The L Word viewed the interaction between femme and butch lesbians as a type of heterosexual role-play.
The L Word was deeply criticised for its representative strategies, particularly for its lack of characters on the genderqueer spectrum. To counter these criticisms, the show introduced a character named Max Sweeney in season three. Max was supposed to be both a butch woman and a trans man, resulting in a disastrous portrayal of both. The character only served to reinforce old stereotypes such as the idea that all butch lesbians are or desire to be men and that those who identify as trans are traitors to their own gender.
The L Word viewed the interaction between femme and butch lesbians as a type of heterosexual role-play, a theme also prevalent in Shane’s relationships. It’s telling that the most androgynous and close to butch lesbian of the group is the most sexually aggressive and almost every sex scene with a strap-on features her. These instances only serve to show how The L Word does not challenge conventional notions of gender and sexuality, choosing to pander to heterosexual audiences.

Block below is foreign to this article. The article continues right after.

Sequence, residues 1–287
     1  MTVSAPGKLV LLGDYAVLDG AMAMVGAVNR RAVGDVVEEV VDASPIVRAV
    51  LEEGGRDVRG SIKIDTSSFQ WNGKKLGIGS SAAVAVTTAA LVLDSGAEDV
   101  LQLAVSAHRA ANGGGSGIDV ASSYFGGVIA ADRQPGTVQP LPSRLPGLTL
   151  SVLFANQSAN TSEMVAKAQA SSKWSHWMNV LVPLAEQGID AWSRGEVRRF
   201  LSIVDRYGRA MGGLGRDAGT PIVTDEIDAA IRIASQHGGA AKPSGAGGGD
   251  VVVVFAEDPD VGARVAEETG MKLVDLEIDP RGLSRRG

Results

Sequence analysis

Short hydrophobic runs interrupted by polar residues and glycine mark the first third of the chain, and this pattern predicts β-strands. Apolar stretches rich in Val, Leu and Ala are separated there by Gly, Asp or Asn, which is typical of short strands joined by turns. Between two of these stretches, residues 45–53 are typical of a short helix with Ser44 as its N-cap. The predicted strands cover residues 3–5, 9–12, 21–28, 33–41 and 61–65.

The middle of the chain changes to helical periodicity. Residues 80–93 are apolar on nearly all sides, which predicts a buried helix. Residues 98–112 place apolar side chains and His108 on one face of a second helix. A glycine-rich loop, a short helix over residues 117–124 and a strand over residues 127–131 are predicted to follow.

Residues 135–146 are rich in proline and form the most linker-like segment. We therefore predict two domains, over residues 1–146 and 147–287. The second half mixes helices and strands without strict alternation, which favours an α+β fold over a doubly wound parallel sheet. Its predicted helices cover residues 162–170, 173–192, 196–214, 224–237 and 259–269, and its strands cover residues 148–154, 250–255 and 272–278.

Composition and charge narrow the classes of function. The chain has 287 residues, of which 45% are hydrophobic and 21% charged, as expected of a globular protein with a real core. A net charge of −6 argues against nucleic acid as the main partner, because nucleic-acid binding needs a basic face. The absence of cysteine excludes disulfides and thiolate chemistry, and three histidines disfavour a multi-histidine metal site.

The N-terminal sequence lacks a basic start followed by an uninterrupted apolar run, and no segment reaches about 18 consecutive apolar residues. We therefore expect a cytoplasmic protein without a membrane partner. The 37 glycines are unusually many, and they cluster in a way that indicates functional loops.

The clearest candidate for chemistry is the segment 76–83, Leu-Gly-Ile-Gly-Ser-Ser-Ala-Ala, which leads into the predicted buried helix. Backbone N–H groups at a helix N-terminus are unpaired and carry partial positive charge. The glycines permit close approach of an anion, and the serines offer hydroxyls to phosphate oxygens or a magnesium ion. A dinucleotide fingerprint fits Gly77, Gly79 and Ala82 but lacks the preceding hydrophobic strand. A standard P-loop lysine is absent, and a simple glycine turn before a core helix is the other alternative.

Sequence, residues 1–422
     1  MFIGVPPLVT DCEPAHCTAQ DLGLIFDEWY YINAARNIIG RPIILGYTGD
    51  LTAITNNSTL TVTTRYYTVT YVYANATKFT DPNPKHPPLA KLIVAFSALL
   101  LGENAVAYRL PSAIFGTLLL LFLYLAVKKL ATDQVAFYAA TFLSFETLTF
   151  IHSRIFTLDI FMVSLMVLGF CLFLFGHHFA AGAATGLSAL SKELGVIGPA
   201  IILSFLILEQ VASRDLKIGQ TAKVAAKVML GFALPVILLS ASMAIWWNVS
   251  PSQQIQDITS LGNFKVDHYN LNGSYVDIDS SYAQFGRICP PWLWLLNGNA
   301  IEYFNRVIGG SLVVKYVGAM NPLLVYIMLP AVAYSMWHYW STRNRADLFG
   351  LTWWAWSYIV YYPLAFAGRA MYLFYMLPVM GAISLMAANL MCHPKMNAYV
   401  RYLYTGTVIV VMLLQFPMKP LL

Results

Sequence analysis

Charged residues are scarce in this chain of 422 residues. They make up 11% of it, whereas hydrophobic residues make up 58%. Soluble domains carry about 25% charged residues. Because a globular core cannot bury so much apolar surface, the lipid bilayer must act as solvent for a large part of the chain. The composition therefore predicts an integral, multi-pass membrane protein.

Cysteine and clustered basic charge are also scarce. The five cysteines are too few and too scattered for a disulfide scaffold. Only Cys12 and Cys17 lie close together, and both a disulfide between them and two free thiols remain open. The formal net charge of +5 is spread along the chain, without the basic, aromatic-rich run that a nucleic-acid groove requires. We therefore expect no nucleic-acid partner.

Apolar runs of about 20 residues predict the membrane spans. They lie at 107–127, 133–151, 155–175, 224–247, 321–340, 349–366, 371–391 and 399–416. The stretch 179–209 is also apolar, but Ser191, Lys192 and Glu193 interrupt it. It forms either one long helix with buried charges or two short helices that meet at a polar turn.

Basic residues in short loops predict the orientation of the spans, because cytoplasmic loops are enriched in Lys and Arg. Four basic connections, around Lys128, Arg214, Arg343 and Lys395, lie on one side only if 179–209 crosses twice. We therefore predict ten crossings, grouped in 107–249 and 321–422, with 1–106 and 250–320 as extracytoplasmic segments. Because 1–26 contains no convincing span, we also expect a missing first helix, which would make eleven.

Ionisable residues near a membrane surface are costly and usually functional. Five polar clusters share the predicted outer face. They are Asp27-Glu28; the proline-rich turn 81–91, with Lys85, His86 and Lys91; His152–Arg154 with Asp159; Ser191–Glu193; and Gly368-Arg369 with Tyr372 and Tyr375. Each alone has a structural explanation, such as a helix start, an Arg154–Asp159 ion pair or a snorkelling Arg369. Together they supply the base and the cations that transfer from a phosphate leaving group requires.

To quote Winnie Mccroy, “we should challenge ourselves to demand more from those who claim to be speaking for us”. There is no doubt that even in 2018, the queer community thirsts for representation, for well-written and complex characters. To this day, The L Word is described as ahead of its time because stories involving queer individuals were almost non-existent in 2004 when the show debuted.
However, The L Word was hardly committed to portraying the realities of queer women and tackling important issues such as healthcare, domestic partnerships and having children. Even Tina’s pregnancy was fetishized during her relationship with Helena, the latter being deeply attracted to pregnant women leading to a hot romp in the sheets between the two. The real lesbian is silenced and the characters are reduced to fodder for male fantasy.
Featured Image Credit: Hulu